News from the Laudato Si Movement on preparations for COP 28. COP 28 will take place from November 30 to December 12, 2023 hosted by the United Arab Emireates in Dubai. There is deep concern about the urgent need for action at COP28, especially in the face of the alarming promotion of fossil fuels by the host and so many other powerful nations. “The fossil fuel industry and its armies of poisonous lobbyists are putting immense pressure on governments worldwide to do the opposite of what is needed to protect God’s sacred gift of Creation.” Are you aware of the fossil fuel industry in your country? How can you join a campaign to end fossil fuels now?
Pope Francis wrote in Laudate Deum, COP28 “can represent a change of direction, showing that everything done since 1992 was in fact serious and worth the effort, or else it will be a great disappointment and jeopardize whatever good has been achieved thus far” (54). (Picture below from Laudato Si Movement letter)
Learn more about UNFCC Review the schedule of the conference is here
Read the full text HERE This is a much shorter document than ‘Laudato Si’ relevant and to the point with regard to the situation of the world today. On glancing my favourite paragraph is No 38. ” In the medium-term, globalization favours spontaneous cultural interchanges, greater mutual knowledge and processes of integration of peoples, which end up provoking a multilateralism “from below” and not simply one determined by the elites of power. The demands that rise up from below throughout the world, where activists from very different countries help and support one another, can end up pressuring the sources of power. It is to be hoped that this will happen with respect to the climate crisis. For this reason, I reiterate that “unless citizens control political power – national, regional and municipal – it will not be possible to control damage to the environment”. ”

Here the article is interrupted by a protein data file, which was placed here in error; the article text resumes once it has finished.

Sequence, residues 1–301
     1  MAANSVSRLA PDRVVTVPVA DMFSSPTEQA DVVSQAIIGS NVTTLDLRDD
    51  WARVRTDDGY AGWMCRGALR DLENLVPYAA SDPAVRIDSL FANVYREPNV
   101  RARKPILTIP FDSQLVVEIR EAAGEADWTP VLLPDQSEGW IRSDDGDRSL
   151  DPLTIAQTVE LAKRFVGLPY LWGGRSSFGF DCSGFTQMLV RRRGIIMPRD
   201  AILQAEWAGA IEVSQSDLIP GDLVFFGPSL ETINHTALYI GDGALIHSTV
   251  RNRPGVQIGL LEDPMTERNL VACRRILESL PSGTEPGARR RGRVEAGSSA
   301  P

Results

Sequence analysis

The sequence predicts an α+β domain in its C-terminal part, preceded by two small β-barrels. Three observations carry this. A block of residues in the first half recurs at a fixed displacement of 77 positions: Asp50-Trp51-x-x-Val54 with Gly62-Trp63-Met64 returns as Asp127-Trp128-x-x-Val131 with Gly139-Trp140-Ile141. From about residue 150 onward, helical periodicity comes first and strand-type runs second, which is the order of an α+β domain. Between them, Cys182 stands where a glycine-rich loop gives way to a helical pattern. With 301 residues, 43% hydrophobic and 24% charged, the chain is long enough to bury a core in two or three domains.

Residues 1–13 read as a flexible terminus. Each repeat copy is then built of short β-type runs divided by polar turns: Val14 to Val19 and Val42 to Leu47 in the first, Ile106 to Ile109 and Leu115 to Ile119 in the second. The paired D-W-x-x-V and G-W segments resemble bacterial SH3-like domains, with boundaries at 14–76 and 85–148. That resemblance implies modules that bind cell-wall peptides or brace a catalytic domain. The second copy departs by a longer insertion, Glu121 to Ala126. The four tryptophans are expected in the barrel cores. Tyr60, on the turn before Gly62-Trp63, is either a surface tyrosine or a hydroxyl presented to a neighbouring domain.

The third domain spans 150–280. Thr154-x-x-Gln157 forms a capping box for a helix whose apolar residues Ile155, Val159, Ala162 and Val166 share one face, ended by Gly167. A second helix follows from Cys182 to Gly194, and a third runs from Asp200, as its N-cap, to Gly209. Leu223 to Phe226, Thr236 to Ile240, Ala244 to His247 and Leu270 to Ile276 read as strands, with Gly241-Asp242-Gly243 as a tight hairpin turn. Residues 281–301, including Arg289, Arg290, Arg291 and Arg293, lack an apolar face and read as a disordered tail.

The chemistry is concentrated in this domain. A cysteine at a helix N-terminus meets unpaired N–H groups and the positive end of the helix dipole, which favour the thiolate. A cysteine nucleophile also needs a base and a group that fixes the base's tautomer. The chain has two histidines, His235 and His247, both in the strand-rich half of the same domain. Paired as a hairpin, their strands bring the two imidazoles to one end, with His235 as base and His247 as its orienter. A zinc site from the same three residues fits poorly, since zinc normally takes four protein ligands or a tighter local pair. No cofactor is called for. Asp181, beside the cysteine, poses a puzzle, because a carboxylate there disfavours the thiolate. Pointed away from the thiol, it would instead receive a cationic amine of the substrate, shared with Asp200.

Read five takeaways provided by Maryknoll HERE The end of their blog page suggests two actions:
What can you do now?
Join a webinar to learn more about Laudate Deum, organized by the Catholic Climate Covenant tomorrow, Thursday, Oct. 5 at 12pm Eastern Time.
Sign a letter to world leaders at the UN Climate Change Conference COP28 in December about the need for wealthy nations to contribute to the Loss and Damage Fund to help countries most vulnerable to climate change.
Justice Coalition of Religious (JCor) have published the following Bulletin It contains some interesting information – for the United Nations, Global and Regional updates in relevant languages according to region. Some of you already join the JCoR Global Community Hour – It is on 11 March 2022, 8:00am (EST). English-Spanish interpretation is provided – Register Here
There is some very useful information on the Commission on the Status of Women in English, French, Spanish and Portuguese. This is followed by a sections on Latin America and the Caribbean;East and Southern Africa and India.
JCoR have prepared a very comprehensive overview of The Commission on the Status of Women which I encourage you to review. It is currently in English and will appear in Spanish soon.
Good Shepherd have various activities happening in the Virtual Booth hosted on the NGOCSW Forum Platform. Register for the Forum and see all that is happening. There are over 700 events hosted on the Forum. JCoR and UNANIMA have virtual booths as does Coalition Against Prostitution (CAP)
The Calendar for Good Shepherd Events is posted in the Booth but can can access it HERE to join in regional activities directly